Noting that there are multiple agencies and community organisations involved in predator eradication, Chignell adds that Predator Free 2050 Ltd will work to draw these stakeholders together. His focus in the first six months is to meet with all key players, stakeholders and organisations currently doing work and research in this field, while also meeting with philanthropic companies committed to New Zealand’s biodiversity.

However, he also stresses the necessity of every Kiwi getting on board with the programme.

Jan Hania

Position: NEXT Foundation, Environment Director

Jan is of Ngati Tuwharetoa and Ngati Raukawa-ki-te-Tonga descent having grown up in South Auckland. Prior to joining NEXT, Jan spent 7 years with the Department of Conservation leading teams at district, regional and national level building partnerships and developing large scale collaborative impact projects focused on people, biodiversity and water. Previously Jan’s early career was as an electronics and systems engineer mostly in the New Zealand Airforce with some earlier time with Telecom over a period of 12 years. While in the RNZAF he also developed skills in strategy and leadership training and development, international stakeholder liaison and relationship management. Jan has always enjoyed a passion for the outdoors and the environment, climbing, diving, mountain biking and just being. This passion led to a career change in his late 20s where he spent time at Canterbury and Lincoln University completing undergraduate and post grad work in Natural Resources Engineering. For the next 10 years he consulted and worked for clients including regional government, in hazard mitigation, water resource protection and environmental restoration both in New Zealand and overseas, before joining DOC in 2009.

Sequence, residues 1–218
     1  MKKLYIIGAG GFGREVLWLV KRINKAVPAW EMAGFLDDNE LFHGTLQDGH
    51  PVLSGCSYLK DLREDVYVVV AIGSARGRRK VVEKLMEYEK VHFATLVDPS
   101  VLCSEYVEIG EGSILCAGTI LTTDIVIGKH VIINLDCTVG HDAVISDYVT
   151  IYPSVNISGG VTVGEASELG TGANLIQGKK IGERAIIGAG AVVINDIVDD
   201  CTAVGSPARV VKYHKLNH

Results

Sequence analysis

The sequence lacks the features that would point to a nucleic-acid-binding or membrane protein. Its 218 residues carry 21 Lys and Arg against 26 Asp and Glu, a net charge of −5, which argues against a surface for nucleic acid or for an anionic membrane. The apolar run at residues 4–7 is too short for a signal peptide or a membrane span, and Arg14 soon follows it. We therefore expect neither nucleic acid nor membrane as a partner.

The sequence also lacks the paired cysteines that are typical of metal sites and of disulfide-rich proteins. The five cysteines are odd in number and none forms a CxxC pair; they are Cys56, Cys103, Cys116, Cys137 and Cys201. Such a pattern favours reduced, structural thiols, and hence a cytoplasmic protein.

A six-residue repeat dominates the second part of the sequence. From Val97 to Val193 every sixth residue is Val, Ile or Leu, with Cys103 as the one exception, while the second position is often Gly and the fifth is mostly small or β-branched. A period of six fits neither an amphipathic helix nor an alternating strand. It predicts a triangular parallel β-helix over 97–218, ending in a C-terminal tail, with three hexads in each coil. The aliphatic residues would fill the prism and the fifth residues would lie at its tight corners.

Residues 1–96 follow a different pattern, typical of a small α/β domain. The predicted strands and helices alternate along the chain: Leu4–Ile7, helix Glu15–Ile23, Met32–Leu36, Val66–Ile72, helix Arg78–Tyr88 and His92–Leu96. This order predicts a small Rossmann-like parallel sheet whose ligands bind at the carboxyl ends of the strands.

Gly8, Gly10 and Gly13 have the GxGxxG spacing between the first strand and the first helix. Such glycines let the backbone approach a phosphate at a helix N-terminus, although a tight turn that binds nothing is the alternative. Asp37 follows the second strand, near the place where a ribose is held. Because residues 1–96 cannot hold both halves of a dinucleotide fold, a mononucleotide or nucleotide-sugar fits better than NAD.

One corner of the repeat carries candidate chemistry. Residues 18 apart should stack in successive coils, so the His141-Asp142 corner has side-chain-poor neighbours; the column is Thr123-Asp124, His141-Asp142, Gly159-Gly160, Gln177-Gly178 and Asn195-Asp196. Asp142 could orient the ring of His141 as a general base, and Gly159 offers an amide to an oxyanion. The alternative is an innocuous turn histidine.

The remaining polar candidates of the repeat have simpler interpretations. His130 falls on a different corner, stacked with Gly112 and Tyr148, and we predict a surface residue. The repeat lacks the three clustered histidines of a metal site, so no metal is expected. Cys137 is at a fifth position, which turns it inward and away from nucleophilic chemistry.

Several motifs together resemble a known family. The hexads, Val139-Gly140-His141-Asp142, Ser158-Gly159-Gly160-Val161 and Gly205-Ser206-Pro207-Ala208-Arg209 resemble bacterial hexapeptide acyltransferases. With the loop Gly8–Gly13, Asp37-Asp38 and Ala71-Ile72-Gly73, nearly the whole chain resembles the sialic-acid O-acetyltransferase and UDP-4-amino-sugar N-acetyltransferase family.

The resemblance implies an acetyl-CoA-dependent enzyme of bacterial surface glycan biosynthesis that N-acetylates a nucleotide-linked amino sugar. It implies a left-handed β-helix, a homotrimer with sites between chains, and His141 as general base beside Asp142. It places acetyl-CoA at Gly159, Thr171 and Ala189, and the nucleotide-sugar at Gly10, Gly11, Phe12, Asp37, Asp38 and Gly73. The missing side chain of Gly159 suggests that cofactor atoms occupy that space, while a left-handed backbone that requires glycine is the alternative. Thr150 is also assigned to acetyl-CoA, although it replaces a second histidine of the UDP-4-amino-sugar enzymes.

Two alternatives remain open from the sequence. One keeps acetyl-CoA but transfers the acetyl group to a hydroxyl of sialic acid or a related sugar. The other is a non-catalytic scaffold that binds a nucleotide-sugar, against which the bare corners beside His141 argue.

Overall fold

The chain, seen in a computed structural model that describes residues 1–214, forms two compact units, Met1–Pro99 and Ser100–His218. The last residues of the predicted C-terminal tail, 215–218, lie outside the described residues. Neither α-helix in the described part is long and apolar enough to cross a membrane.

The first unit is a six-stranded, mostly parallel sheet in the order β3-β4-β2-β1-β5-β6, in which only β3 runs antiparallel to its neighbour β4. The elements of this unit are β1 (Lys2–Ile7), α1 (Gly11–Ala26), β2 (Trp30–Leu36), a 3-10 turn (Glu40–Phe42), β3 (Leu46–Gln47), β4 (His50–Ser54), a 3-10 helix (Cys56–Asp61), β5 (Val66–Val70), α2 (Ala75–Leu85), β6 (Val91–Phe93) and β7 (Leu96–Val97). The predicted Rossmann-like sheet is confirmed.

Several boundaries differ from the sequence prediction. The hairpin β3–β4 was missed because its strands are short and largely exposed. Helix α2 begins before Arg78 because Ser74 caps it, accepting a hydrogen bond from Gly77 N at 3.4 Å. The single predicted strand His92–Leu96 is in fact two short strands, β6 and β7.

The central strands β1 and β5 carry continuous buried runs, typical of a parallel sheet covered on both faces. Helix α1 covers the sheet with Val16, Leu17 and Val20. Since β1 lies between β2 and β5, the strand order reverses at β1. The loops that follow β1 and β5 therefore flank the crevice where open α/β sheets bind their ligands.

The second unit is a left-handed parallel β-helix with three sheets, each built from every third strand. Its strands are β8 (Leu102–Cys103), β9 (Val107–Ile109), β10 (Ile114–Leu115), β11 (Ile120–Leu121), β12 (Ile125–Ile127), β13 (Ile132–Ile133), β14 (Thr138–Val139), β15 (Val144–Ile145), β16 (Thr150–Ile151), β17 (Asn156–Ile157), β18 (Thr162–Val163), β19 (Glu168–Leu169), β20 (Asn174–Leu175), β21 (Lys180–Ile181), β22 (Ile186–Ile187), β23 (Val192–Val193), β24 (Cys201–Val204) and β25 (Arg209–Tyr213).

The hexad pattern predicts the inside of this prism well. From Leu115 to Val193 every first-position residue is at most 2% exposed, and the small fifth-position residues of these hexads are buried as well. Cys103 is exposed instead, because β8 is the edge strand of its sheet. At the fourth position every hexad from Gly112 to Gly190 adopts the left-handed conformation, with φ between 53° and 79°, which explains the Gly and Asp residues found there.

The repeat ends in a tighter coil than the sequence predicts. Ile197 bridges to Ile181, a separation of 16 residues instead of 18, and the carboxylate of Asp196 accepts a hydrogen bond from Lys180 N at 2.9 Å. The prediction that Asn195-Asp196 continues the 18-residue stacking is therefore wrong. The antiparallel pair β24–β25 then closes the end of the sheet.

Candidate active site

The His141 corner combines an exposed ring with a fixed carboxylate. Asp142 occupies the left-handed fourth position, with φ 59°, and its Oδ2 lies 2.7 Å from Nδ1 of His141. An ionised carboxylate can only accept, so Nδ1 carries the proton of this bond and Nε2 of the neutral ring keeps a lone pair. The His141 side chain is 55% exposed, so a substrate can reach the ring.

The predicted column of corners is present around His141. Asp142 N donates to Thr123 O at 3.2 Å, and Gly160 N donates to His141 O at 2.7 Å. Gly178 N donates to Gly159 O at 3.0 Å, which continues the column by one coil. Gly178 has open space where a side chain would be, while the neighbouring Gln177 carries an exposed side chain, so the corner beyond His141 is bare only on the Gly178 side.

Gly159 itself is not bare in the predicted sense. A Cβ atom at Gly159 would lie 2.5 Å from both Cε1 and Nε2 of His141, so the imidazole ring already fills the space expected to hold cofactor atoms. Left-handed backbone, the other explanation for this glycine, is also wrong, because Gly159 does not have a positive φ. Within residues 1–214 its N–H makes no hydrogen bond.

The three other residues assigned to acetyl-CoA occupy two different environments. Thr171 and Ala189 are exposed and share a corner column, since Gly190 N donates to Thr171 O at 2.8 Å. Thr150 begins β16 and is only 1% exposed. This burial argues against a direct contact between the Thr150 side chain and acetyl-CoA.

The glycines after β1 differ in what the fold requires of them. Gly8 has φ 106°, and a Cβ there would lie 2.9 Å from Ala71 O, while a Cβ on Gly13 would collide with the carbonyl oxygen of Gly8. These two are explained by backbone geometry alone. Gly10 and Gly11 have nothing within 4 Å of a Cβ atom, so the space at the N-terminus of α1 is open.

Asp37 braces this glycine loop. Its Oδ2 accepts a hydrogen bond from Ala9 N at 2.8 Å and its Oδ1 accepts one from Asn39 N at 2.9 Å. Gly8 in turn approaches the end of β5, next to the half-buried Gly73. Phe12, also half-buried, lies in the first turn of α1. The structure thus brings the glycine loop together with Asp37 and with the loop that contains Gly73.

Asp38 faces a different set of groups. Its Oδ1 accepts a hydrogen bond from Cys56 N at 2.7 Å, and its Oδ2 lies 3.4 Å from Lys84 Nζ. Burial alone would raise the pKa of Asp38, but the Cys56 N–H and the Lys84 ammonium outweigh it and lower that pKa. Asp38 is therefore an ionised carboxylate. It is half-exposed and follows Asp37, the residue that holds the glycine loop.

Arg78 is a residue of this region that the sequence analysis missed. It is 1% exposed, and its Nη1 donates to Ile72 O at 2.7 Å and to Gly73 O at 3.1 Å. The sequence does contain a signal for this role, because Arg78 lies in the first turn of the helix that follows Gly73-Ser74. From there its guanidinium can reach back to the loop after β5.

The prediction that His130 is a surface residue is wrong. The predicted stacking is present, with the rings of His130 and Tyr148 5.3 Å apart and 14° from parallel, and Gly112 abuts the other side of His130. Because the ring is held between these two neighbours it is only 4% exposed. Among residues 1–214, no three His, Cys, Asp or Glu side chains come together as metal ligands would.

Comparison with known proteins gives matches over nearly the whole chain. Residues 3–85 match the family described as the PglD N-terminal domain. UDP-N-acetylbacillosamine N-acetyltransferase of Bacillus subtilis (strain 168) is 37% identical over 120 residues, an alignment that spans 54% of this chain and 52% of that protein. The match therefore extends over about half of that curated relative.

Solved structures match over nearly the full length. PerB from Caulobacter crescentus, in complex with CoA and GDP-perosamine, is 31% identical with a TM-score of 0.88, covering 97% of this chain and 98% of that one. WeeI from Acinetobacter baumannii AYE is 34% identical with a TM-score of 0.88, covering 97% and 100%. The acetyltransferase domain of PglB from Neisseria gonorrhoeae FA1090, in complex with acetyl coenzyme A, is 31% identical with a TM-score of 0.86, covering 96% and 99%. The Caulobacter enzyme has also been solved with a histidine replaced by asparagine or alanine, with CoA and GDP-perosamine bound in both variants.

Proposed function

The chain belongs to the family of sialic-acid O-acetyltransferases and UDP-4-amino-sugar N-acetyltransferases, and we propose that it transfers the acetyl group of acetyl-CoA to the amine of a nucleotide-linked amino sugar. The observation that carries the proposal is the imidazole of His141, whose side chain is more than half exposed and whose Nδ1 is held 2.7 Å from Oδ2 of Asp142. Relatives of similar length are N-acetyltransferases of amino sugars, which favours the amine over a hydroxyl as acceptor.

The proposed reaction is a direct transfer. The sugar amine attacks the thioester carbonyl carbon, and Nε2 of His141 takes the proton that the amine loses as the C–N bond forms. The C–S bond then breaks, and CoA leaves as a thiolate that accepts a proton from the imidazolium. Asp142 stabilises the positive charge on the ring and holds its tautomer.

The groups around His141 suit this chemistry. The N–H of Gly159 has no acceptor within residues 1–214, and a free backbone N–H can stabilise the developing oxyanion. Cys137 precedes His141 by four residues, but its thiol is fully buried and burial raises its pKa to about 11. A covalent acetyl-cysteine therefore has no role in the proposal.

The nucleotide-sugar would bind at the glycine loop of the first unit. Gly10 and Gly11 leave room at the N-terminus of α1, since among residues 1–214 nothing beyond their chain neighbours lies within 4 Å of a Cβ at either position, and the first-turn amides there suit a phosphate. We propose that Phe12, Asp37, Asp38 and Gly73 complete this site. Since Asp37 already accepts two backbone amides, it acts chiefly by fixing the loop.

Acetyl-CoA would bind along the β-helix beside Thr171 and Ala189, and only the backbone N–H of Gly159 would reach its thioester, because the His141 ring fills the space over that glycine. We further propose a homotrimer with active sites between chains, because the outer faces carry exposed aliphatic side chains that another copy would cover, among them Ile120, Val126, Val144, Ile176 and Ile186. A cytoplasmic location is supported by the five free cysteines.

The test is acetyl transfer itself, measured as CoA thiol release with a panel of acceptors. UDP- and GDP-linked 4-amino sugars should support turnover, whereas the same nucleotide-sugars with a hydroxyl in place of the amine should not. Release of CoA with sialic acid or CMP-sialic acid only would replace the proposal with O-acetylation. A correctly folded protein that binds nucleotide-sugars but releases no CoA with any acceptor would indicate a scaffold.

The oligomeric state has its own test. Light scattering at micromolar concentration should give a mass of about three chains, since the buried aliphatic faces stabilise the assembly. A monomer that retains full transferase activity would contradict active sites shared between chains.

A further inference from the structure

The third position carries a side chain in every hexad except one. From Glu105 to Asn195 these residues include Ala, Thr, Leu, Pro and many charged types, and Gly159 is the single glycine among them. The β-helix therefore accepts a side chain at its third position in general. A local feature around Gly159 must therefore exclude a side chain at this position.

Lou Sanson

Position: Department of Conservation, Director

Lou Sanson was appointed as Director-General of the Department of Conservation in September 2013, after 11 years as Chief Executive of Antarctica New Zealand - responsible for developing, managing, and executing New Zealand’s activities in Antarctica and the Southern Ocean.
The Department of Conservation is responsible for managing 8.5 million hectares of public land (approximately 30% of New Zealand’s landmass) and 34 marine reserves.
DOC manages over 14,000km of tracks and 970 huts. These places are used by 48% of New Zealanders (approximately 1.6 million people) and approximately 30% of overseas visitors (and many more view the iconic scenery from a distance).
During his time at Antarctica New Zealand Lou has overseen the deepest ever multi-national sedimentary science drilling project in Antarctica (ANDRILL) and he led the development of Antarctica’s largest wind turbine project focussing on reducing fossil fuels at McMurdo Station and Scott Base.
Prior to this Lou was Conservator for Southland Conservancy in charge of Fiordland National Park and Stewart Island.
He also led the establishment of Rakiura National Park, the sub-Antarctic World Heritage Area and one of the world’s largest island eradication projects and helped establish a network of marine reserves in Fiordland and Stewart Island.
Lou is a keen outdoor person, he enjoys natural history, hiking, ski-touring, diving and photography.

Paul Atkins

Position: Zealandia, CEO

Paul has had a life-long passion for ornithology and conservation. He took over as CEO of ZEALANDIA in mid-November 2015, having first been introduced to the Karori Sanctuary project in early 2000 following which he became a volunteer in the sanctuary, monitoring kaka and doing supplementary feeding duties.
He is also on the board of directors of three start-up companies, two of which he Chairs: Boutiq Science Ltd, a nanotechnology spinout company; Ferronova, a company focusing on use of magnetic nanoparticles and sensors for biomedical applications; and MEVO, a car-share scheme.